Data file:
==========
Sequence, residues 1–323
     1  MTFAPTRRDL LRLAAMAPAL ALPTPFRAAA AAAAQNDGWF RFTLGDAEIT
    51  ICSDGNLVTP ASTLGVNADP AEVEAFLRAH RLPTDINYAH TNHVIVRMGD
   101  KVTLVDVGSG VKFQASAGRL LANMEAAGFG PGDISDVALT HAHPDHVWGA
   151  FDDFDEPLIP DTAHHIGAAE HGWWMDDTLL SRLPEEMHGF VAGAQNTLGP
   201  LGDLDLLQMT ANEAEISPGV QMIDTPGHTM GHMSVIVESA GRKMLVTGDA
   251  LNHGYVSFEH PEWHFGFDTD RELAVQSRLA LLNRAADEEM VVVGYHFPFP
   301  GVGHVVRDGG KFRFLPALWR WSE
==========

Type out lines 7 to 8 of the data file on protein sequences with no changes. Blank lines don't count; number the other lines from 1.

   251  LNHGYVSFEH PEWHFGFDTD RELAVQSRLA LLNRAADEEM VVVGYHFPFP
   301  GVGHVVRDGG KFRFLPALWR WSE